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Stop Fixing Women: Why Building Fairer Workplaces Is Everybody's Business
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Stop Fixing Women: Why Building Fairer Workplaces Is Everybody's Business

4.11  ·  Rating details ·  118 ratings  ·  11 reviews
Millions of words have been spent in our quest to explain men’s seemingly never-ending dominance in boardrooms, in parliaments, in the bureaucracy and in almost every workplace. So why is gender inequality still such a pressing issue? Wage inequality between men and women seems one of the intractables of our age. Women are told they need to back themselves more, stop margi ...more
Paperback, 272 pages
Published August 1st 2017 by NewSouth
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Sep 03, 2018 rated it really liked it  ·  review of another edition
Good stuff, but will the necessary people ever read it?
Feb 23, 2018 rated it really liked it
I found this tricky to rate but mostly because I haven't read anything like it before, not because I didn't like it. This book shows how workplace gender discrimination needs to be tackled by changing male attitudes, and organisational structures and practices, as opposed to fixing the things that make women different to men. The book is very readable and I liked the little streak of snarky, sassy humour throughout. It is set out well and the chapters flow into each other nicely. There are a few ...more
Jaclyn (sixminutesforme)
Sep 30, 2017 rated it it was amazing
I tore through this in less than 24 hours, and found it an incredibly engaging and thought provoking read!

I found the two chapters looking at quotas in senior leadership roles/Boards, and mentors/sponsors particularly interesting. I appreciated how well researched this was, and I hope men and women alike pick this up and take something meaningful from it. Workplaces (and society generally) would certainly benefit from this being read widely!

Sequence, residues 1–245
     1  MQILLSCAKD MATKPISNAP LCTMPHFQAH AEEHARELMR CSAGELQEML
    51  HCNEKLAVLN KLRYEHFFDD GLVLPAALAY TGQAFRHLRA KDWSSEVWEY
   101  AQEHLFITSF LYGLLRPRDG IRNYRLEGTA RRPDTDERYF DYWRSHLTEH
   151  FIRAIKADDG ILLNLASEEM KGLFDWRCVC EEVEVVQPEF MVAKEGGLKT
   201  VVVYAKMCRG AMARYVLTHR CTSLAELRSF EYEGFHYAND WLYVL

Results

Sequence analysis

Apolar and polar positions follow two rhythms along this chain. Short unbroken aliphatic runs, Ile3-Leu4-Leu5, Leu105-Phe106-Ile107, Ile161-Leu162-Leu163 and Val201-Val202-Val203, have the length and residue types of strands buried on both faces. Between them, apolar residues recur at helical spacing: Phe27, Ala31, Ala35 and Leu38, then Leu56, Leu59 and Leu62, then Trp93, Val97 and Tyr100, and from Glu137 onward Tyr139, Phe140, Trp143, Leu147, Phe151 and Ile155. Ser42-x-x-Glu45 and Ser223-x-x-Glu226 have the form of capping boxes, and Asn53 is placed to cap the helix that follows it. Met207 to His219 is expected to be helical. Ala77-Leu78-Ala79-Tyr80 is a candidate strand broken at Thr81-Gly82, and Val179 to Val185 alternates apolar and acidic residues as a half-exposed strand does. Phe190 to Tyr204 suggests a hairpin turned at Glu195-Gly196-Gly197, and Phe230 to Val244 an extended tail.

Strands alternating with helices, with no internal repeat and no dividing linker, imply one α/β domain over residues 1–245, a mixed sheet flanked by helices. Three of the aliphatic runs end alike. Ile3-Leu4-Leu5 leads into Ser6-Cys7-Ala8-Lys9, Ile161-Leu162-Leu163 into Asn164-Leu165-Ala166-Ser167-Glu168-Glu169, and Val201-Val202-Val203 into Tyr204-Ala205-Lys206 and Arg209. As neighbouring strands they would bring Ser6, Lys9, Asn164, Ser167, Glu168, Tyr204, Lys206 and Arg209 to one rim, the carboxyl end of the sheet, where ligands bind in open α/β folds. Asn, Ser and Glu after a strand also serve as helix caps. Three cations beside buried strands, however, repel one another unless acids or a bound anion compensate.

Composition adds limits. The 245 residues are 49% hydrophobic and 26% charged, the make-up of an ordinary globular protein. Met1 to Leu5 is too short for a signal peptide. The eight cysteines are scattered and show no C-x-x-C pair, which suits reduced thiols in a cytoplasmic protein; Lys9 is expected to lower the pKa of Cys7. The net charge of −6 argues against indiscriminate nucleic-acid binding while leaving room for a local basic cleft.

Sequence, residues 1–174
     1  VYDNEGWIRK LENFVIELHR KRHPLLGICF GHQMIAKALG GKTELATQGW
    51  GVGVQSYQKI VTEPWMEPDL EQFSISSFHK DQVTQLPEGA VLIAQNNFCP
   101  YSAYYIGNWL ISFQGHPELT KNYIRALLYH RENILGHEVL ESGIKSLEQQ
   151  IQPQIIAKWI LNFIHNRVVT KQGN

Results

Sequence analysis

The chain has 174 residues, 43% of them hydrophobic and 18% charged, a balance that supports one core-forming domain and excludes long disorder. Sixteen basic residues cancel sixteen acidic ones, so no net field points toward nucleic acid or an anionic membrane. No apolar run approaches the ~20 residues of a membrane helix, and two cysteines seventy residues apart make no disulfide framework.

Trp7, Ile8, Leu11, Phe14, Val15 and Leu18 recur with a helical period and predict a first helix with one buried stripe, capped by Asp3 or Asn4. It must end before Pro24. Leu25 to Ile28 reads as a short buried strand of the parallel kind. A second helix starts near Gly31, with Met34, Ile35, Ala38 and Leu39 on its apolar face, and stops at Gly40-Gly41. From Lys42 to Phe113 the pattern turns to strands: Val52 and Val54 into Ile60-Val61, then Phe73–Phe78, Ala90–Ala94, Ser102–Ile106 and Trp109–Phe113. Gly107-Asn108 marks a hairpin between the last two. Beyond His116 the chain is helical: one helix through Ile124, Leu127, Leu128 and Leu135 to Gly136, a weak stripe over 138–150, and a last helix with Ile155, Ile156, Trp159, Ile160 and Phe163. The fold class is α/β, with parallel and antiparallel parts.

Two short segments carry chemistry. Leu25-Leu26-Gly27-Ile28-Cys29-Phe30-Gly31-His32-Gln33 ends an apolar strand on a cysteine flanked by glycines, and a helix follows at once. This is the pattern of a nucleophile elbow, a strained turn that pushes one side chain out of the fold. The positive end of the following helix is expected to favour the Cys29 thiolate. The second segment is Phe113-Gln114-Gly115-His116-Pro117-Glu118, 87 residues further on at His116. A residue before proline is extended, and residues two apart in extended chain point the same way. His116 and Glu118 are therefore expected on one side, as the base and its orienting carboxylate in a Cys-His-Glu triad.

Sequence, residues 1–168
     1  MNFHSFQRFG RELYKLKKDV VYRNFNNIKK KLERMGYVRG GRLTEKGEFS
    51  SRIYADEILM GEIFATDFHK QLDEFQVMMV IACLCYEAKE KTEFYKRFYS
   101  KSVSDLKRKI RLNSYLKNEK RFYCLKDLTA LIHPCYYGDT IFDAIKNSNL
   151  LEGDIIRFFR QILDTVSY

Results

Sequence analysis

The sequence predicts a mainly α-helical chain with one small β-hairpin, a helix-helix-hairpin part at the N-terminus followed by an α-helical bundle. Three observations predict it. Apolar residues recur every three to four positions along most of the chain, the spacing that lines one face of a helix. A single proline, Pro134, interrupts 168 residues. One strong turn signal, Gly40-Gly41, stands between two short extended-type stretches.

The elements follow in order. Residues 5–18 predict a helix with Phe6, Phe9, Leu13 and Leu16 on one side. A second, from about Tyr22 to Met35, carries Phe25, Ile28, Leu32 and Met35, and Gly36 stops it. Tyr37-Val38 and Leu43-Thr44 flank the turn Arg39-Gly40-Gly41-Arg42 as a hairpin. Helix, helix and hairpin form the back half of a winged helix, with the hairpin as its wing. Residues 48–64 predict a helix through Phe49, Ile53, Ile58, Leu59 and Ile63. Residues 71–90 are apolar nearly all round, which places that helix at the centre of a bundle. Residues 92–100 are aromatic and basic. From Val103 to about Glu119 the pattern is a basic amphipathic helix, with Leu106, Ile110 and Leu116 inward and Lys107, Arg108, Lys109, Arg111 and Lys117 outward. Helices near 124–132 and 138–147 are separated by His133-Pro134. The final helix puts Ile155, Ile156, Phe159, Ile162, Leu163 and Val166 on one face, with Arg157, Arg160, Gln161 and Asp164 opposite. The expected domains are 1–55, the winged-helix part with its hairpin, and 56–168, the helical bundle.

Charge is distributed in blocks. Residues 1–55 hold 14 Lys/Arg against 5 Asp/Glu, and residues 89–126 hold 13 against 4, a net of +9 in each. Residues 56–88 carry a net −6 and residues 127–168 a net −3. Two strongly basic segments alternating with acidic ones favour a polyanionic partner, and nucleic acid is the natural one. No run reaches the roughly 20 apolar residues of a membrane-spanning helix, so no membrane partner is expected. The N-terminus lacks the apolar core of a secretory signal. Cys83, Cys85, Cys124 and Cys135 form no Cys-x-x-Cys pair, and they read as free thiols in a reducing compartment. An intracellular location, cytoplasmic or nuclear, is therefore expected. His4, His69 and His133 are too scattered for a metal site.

Jun 14, 2017 rated it liked it
Shelves: business, australian
This book covers a very important topic, but there is sadly nothing new here. I do wonder what it will take to actually get change in workplaces when there are already so many statistics, books and discussions about inequality and disparity and causes. Good to see an Australian perspective. I've always been slightly negative about the Male Champions of Change concept, but the author shows why it is important and how it can help. ...more
Nov 21, 2017 rated it liked it
Unclear who the target audience is for this book - as a woman it’s reassuring to read that the problem is the system, not me, but there are few recommendations on how to change the system and it’s unlikely that anyone with the power to change it would get more than a chapter through!
Natalie  S
For years society’s “fingers” have been squarely pointed at women. We’ve been told what to do, what to avoid, to lean in, speak up, support each other and back ourselves. But has this information – which is sometimes contradictory – actually helped achieve anything? The gender pay gap remains largely unchanged and the percentage of women in senior management and leadership roles remains at a disappointing low. Thankfully, leading women’s commentator, Catherine Fox advocates a different approach ...more